Here’s an excerpt:
Today we stand at a critical juncture in history. It would be myopic to imagine that the rest of
Christendom, let alone the Anglican Communion, is not watching and praying as we deliberate.
Pray that the Holy Spirit will lead us in the momentous decisions that lie before us.
It is only natural to experience fear, for what we are considering takes the Diocese of San Joaquin
into unchartered waters. The leaders of the General Convention have expended enormous energy
to spread their mantra: “Individuals may the leave the Church, but Parishes and Dioceses cannot.”
No one seems to know who dreamed up this idea. What we DO know is that it is simply not true!
During the time of the Civil War in the 1860’s when this nation was torn apart, dioceses in those
states called the Confederacy withdrew from what was then known as The Protestant Episcopal
Church. During the war years they held their own conventions, developed their own Constitution,
had there own House of Bishops, elected a Presiding Bishop, and consecrated a bishop for one of
their dioceses. Nothing could be clearer. The southern dioceses had departed and had created a
separate church. Today we might call it their own Province.
Unlike many of the Protestant denominations, however, it didn’t make sense to Episcopalians to
maintain the separation when the war ended. Not only were the southern bishops and their dioceses
welcomed back, the newly consecrated bishop was recognized, and no punitive action was taken
against anyone. Presumably the southerners had taken their property with them when they left.
And, they would not have been the first to do this.
Centuries before, King Henry VIII, with the help of Parliament prevented all English money from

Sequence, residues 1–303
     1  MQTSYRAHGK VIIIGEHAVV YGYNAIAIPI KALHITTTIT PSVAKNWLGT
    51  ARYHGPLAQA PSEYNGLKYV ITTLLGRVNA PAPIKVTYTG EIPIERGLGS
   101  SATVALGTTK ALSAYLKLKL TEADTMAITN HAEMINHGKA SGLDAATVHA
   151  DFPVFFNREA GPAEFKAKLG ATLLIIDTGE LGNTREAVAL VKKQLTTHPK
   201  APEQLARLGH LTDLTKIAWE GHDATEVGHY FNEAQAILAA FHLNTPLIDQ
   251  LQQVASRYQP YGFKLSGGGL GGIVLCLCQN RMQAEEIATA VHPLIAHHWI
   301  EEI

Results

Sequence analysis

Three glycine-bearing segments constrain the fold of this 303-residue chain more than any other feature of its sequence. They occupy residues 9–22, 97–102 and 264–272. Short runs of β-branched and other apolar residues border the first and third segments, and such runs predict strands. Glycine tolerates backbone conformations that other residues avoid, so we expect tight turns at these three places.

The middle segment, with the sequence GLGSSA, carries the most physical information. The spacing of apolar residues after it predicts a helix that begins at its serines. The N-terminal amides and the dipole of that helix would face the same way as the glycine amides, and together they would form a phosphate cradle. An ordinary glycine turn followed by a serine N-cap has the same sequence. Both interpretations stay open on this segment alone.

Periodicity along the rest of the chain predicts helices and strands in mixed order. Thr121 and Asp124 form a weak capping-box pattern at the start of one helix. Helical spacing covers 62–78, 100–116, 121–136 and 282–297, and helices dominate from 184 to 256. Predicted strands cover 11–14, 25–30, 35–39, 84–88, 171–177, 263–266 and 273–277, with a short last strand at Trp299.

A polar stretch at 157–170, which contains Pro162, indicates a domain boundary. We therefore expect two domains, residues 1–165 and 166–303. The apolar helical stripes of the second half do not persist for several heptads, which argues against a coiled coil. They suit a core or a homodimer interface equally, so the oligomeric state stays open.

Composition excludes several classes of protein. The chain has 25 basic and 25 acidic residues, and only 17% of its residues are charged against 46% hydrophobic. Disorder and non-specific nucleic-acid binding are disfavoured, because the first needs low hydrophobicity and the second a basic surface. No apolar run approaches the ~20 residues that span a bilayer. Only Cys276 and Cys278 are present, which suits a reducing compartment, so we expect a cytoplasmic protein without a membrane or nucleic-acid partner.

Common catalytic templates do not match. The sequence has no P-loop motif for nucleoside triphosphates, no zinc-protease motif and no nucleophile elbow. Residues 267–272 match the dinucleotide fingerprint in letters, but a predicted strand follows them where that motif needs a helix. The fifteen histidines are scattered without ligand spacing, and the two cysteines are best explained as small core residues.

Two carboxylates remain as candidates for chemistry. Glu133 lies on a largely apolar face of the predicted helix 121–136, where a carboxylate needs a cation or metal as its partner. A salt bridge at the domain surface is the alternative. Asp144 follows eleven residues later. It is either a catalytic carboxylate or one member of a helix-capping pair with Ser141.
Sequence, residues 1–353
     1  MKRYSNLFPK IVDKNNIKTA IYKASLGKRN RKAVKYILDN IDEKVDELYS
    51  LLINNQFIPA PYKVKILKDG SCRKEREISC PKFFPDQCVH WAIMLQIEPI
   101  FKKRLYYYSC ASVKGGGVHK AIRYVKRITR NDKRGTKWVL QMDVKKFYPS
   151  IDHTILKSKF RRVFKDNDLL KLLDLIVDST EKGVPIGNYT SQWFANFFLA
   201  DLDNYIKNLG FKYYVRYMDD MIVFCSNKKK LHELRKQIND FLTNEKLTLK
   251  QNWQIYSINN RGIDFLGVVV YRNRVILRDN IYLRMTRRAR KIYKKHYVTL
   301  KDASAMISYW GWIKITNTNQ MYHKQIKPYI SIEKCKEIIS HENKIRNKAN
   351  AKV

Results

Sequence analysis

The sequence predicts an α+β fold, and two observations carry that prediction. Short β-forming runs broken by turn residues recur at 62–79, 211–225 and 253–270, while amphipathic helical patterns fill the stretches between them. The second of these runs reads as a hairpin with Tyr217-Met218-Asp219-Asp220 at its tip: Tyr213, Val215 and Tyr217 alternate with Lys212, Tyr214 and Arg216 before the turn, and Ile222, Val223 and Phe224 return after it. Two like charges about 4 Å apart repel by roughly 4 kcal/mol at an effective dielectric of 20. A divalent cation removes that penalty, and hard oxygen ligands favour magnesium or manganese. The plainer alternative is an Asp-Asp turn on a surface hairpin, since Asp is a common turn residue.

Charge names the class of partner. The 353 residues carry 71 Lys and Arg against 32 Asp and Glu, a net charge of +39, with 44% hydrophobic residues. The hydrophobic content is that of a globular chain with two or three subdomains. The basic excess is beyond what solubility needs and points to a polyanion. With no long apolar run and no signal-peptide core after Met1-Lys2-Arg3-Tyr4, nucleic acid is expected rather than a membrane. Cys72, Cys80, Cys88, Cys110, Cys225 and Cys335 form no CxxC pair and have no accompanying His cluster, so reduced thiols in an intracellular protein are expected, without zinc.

going to Rome. This action was followed up by taking all the property of the churches, including
the monasteries and shrines ”“many of which he dismantled and sold. Today, were you to go to
Ireland in search of a name or a tombstone of anyone buried before 1540, your search would have
to be in Anglican ”“not Roman Catholic”“ churches and cathedrals. Somehow the Pope never asked
that they be returned to him…and they weren’t.
Colonial churches, especially those in Virginia, whose existence pre-date not only The Episcopal
Church but the United States itself, were never given back to the Lord Bishop of London nor to the
Archbishop of Canterbury when, after the American Revolution, Anglicans identified themselves
as Episcopalians. They took their property with them.
History is replete with instances in which dioceses, too, have moved from one Province to another
”“ no matter how it was accomplished. Liberia moved from The Episcopal Church to the Province
of West Africa, Venezuela moved from the West Indies to The Episcopal Church. Mexico has
moved back and forth from The Episcopal Church more than once.
Historically, Provinces, such as The Episcopal Church, are not, and never have been, an essential